Real Customer Relationship Management

Yesterday at exactly 5:59 PM I received an email from the car dealer where I bought my car before the current one. I bought it probably 6-7 years ago and traded it in 1.5 years ago for a different car at a different dealer. The email was from a person I don’t know there complete with their picture letting me know that they were thinking about me on my birthday (today) and were wanting me to have a fantastic birthday complete with an exclamation point.

Two minutes later, I received an email from the dealer of my current car saying they were thinking of me and they were hoping my birthday would be amazing. This was from someone I didn’t know either.

Two minutes later, and four minutes after the first message, I got an email from the dealer where we bought my wife’s car 4 years ago, wishing me a VERY HAPPY BIRTHDAY.

Emails at 5:59 PM, 6:01 PM and 6:03 PM.

I’m really touched that these people were having coffee at the end of the day and looking through the list of their prior customers and thought they’d drop me a note wishing me a happy birthday.

What are the odds that these three separate car dealers owned by different auto groups happened to be thinking about me all at the same time and wanted to drop me a note wishing me a happy birthday?

Organizations try to automate parts of their customer relationship management and more times than not they fail completely. I’d rather get nothing about my birthday than get an automated message trying to look personal. But I do think less of them when they have automated the whole process to a 3rd party and at an appointed time a cron job runs and I get fake personal email from them.


We wanted to wish you a
from all of us here at XXX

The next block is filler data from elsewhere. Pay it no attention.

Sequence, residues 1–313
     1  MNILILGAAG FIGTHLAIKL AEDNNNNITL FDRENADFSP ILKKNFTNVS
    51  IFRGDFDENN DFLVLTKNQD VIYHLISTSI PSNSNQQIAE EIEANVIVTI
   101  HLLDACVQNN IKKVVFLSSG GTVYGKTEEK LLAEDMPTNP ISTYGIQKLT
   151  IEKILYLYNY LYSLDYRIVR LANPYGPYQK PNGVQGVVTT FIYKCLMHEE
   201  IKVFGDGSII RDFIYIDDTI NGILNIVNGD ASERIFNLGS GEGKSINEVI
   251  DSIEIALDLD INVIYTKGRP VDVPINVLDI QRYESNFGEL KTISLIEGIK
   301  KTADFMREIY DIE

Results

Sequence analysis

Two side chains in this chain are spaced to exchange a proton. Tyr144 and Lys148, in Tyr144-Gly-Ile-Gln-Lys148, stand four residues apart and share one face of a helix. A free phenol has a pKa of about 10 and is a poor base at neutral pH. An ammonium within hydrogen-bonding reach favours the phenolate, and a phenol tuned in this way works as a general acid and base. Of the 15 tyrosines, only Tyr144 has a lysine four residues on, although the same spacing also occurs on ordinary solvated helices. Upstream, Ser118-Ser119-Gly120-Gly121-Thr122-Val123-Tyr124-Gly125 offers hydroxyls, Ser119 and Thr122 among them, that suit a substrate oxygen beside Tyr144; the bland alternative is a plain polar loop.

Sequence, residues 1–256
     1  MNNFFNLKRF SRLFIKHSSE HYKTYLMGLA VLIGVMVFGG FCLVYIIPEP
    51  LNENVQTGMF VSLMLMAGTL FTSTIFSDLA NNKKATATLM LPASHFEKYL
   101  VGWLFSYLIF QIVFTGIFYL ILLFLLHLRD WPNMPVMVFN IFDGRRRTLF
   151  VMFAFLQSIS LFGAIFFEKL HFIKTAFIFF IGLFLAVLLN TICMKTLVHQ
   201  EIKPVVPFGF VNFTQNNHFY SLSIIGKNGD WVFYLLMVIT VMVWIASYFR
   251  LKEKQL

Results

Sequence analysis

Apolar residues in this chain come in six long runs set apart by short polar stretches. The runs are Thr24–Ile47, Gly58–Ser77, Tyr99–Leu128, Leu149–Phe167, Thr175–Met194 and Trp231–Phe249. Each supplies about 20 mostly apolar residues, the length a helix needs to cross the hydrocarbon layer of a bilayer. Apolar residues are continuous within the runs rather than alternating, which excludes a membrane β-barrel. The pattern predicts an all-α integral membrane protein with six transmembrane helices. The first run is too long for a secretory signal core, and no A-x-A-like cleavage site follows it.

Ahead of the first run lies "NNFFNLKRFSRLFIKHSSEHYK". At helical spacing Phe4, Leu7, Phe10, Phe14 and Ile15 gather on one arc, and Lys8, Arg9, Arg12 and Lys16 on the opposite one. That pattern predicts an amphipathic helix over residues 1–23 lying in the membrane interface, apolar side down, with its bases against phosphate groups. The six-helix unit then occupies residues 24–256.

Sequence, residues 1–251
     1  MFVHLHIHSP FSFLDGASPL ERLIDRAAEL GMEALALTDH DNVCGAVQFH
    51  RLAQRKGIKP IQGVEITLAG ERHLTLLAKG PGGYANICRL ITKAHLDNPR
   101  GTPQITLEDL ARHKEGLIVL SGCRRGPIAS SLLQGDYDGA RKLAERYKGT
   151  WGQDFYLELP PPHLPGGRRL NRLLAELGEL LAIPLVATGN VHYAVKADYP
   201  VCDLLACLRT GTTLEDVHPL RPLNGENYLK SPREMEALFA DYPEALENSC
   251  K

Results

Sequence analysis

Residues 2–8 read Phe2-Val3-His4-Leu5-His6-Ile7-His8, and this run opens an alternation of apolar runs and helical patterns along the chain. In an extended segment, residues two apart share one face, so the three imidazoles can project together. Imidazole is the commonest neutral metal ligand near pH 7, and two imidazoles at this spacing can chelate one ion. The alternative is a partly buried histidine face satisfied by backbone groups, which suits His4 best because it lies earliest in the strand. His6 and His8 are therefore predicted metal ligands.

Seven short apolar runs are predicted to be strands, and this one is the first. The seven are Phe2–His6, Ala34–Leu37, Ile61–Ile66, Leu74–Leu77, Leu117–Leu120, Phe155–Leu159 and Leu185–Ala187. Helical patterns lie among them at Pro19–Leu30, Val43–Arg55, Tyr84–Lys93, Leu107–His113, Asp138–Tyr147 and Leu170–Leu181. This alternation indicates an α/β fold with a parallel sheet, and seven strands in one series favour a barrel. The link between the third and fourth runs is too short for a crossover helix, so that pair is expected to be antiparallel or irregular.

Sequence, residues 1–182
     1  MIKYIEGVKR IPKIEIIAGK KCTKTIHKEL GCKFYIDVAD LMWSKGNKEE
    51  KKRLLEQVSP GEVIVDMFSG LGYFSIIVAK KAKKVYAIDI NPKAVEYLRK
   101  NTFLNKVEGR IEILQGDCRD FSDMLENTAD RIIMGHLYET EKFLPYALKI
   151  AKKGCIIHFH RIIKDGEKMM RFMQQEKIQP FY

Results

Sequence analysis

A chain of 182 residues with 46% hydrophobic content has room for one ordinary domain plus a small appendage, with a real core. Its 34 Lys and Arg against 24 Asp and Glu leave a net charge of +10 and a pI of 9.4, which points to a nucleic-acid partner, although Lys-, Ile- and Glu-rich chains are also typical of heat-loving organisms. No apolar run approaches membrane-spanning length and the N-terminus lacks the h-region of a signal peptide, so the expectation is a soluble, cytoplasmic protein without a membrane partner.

Hope you have a great one and
Drive safe!

CRM and Big Data Fail

We keep hearing how Big Data is, or has, arrived. And we constantly hear about the importance of customer relationship management and CRM systems in particular and how they are transforming the relationship management process. This past week, I flew to Seattle to attend a very good IT conference and on the way up, I knew I was going to fly through my millionth mile on UAL. I was just a few thousand miles short and I knew it was happening on the leg from Denver to Seattle.

I wondered if, or how, or might UAL recognize the milestone? I wondered if they might approach you while on the flight and say,  “congratulations Mr. Brewer as this is your millionth mile flying with us. We are delighted to have you as a loyal customer.” Or perhaps when I landed there would be delightful little email from the Big Data engine at United recognizing that I just completed this milestone.

Well, nothing happened. I’ve still not heard a word.

I looked on-line to see my current status and here it is:

Screen Shot 2013-09-20 at 8.48.10 AM

This is not rocket science and yet here is a fail example. Instead of creating a delightful experience, nothing has happened and an opportunity is lost. How trivial would it be to have the computer system send me an email automatically without a single person involved? A simple email notice after the key leg was completed? Or how about tying together my social media presence and send me a DM or a tweet saying something?  Or how amazing would it have been to have the flight attendant stop by and say something?

No offense intended to UAL as this happens everywhere and I’m sure United will send a note to me sometime.  Well, those are the kinds of things still to be done. Each company, organization, industry has their opportunities.

If you’ve had an amazing experience(a win) along these lines, I’d love to hear about it.

PS. I posted this at 16:21 today and around 17:45 @united followed me on Twitter and then about 17:52 @united sent the following:

Screen Shot 2013-09-22 at 6.08.35 PM

So clearly UAL’s social media team is on the ball. Kudos to them for watching and then responding. Well done.